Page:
In a statement Wednesday, Trump seemed to take a step back from escalating the cycle of vengeance. That’s crucially important. He must continue down this path, taking a lesson on the dangers of revenge from the first man to hold his office: George Washington. His experience during the Revolutionary War demonstrates restraint in the face of provocation has enduring benefits far sweeter than revenge taken in haste.
Before he was the gray-haired, tight-lipped “father of his country,” Washington was the leader of a popular insurgency that threatened the world’s unrivaled superpower: Great Britain. For eight years he defied Britain’s forces through a mixture of conventional and unconventional tactics. Although regularly defeated in battle, Washington succeeded at holding his army together, making the war a costly quagmire for the crown.
Yet the British persisted. To their mind, Washington and his Continental Army were traitors to be punished not conciliated. Until the very end of the struggle, British forces considered Americans in arms against them to be “unlawful combatants” — men who did not deserve the protections of the contemporary laws of armed conflict.
This conception drove the brutal British war effort. Early on, British commanders held captured Americans in Boston’s dungeon, allowed nothing but bread and water, while they awaited their fate. Washington decried this “unworthy Treatment,” and reminded his British counterpart that the Americans treated British captives “with a Tenderness due to Fellow Citizens, & Brethren.” The American general had personally intervened to protect his prisoners “from the Fury of a justly enraged People.” He hoped this positive example would induce the British to reform their “barbarous Behaviour.”
But the British maintained the revolutionaries should be punished. Although they declined to hang captured Americans (the traditional British penalty for treason) out of fear of alienating the people whose hearts and minds they hoped to win; they implemented an incarceration system that proved nearly as deadly.
After capturing New York City in 1776, British Lt. Gen. William Howe chose to confine American prisoners on overcrowded and disease-infested prison ships moored in the harbor. There, thousands wasted away in captivity. One historian has estimated that as many as 18,000 Americans may have perished on these ships, more than all the battlefield fatalities of the war combined. Predictably, Americans were furious. They demanded vengeance.
Washington, however, cautioned restraint. He feared that if the United States sought revenge against the British, the new nation would cede the moral high ground. Perhaps more importantly, reprisals might persuade the enemy to escalate the violence of their war effort, imperiling innocent civilians and prisoners alike. As he informed the president of the Continental Congress, John Hancock, revengeful punishments were “founded in impolicy, and will, if adhered to, produce consequences of an extensive, and melancholy nature.”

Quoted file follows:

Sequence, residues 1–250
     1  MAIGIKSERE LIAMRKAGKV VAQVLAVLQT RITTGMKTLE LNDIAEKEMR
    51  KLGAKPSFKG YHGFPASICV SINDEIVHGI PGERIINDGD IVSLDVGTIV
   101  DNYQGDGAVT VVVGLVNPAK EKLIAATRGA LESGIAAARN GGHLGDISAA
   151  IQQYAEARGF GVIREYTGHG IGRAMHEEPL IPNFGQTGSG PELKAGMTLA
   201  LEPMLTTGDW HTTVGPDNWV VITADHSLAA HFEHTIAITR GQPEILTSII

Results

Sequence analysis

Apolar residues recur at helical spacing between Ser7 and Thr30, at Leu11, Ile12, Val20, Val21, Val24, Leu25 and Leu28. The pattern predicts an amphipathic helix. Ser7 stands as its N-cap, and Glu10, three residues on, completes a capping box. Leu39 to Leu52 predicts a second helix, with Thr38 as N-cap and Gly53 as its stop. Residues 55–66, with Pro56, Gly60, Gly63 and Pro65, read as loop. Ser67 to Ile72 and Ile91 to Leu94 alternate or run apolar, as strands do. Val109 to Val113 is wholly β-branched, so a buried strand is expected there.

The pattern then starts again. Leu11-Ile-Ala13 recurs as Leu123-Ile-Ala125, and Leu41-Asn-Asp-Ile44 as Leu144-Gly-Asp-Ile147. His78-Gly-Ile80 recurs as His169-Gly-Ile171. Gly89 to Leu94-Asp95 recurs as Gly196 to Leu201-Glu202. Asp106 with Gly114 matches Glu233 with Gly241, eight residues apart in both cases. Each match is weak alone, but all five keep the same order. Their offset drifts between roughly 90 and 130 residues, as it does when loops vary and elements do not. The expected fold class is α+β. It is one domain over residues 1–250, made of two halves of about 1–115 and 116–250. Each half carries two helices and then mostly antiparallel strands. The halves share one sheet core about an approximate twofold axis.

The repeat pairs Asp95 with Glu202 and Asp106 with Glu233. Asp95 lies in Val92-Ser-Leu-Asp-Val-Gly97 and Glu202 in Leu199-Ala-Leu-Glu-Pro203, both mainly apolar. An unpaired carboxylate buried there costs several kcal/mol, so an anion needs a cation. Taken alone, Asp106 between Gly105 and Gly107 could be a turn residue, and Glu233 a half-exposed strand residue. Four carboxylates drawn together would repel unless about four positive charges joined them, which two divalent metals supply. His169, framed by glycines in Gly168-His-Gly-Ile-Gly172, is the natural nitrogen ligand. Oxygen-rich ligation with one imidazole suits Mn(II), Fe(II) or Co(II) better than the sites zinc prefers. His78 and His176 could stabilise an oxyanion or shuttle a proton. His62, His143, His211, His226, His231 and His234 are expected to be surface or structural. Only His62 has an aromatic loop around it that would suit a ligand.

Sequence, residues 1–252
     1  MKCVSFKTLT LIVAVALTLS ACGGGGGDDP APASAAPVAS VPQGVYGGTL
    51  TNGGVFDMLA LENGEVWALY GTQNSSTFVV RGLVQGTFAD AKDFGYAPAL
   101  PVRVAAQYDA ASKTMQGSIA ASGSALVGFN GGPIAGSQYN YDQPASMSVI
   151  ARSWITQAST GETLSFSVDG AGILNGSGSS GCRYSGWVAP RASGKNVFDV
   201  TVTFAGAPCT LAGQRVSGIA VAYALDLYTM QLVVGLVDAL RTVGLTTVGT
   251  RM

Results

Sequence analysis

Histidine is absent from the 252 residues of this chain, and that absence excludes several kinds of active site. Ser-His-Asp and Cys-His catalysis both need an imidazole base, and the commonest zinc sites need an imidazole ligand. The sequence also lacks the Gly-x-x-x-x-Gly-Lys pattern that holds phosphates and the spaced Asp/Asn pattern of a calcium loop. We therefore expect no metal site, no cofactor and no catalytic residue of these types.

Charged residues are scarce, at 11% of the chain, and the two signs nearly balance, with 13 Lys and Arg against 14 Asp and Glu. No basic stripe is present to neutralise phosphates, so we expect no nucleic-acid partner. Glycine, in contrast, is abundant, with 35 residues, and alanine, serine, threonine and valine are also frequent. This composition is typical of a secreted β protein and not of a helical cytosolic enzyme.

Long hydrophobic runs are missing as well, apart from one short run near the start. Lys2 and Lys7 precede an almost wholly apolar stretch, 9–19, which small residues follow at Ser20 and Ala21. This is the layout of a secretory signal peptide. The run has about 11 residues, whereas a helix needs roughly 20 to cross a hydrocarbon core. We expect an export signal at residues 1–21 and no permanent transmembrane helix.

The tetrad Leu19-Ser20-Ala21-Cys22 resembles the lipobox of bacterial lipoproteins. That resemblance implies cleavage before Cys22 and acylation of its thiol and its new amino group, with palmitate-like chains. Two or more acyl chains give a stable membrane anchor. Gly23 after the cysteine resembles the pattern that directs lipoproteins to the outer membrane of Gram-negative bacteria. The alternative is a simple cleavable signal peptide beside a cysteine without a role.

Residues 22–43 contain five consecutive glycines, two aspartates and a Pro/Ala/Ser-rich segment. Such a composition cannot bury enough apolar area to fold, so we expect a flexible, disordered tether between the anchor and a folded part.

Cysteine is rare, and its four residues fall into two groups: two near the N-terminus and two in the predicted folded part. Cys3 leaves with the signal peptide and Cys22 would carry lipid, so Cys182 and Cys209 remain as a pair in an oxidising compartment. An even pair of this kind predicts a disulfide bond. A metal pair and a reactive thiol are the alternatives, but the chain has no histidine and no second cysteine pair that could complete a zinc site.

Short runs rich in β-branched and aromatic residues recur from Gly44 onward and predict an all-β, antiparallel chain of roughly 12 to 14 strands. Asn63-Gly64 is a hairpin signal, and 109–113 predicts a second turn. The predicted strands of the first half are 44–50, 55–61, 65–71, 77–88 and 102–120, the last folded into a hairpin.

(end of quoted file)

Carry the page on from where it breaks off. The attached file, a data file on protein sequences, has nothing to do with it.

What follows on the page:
But American restraint did little to diminish British abuses. In spring 1782, months after his decisive victory over British Gen. Charles Cornwallis at Yorktown, Va., Washington received word that American Capt. Joshua Huddy had been hanged in retaliation for the death of Loyalist officer Philip White. Huddy’s murder sparked another round of popular demands for vengeance. Yet, Washington remained steadfast in urging restraint.
Instead of broad scale revenge, he opted for the doctrine of proportional retaliation, a concept sanctioned by contemporary European jurists, which was intended to deter violations of the rules of war by authorizing proportional reprisals. This legally allowed Washington to hang an innocent prisoner of equal rank to Huddy if the British did not turn over the American’s murderers for trial. Charles Asgill, a 19-year-old British captain captured at Yorktown, was selected by lot as the subject of that retaliation.
The British refused. But Washington remained measured in his response, and didn’t execute Asgill right away. As he informed one of his officers, “I most devoutly wish his life may be spared.” Gen. Henry Knox was confident that Washington would not authorize the execution “until every other method has been tried in vain.” This news pleased Alexander Hamilton who feared that killing Asgill would “be derogatory to the national character” of the United States and only serve to prolong a bloody war they had all but won.
By delaying the young Briton’s execution, Washington bought time for the America’s French allies to intercede with Congress. Asgill’s mother was an aristocrat of French descent who pleaded with Queen Marie Antoinette to intervene.
It worked. And cooler heads prevailed in Congress.
On Nov. 13, 1782, Washington wrote to Asgill with “singular pleasure” to announce his release. Americans had come to agree with Washington that Asgill’s death would not bring justice for British wrongs but would damage America’s reputation instead. The British, for their part, took Washington’s lesson to heart. They finally acknowledged Americans as legitimate combatants, and peace soon followed.
In the end, restraint had trumped revenge. Why? Because Washington was always aware that his actions had implications that would endure beyond the heat of the moment and set a precedent for future generations. In concluding the Asgill affair without the further loss of life, Washington eschewed the temporary gratification of revenge to prevent the further escalation of violence and to preserve his nation’s reputation on the world stage. Trump would do well to take heed of Washington’s warning. If not, the “impartial world must, and certainly will,” render its judgment.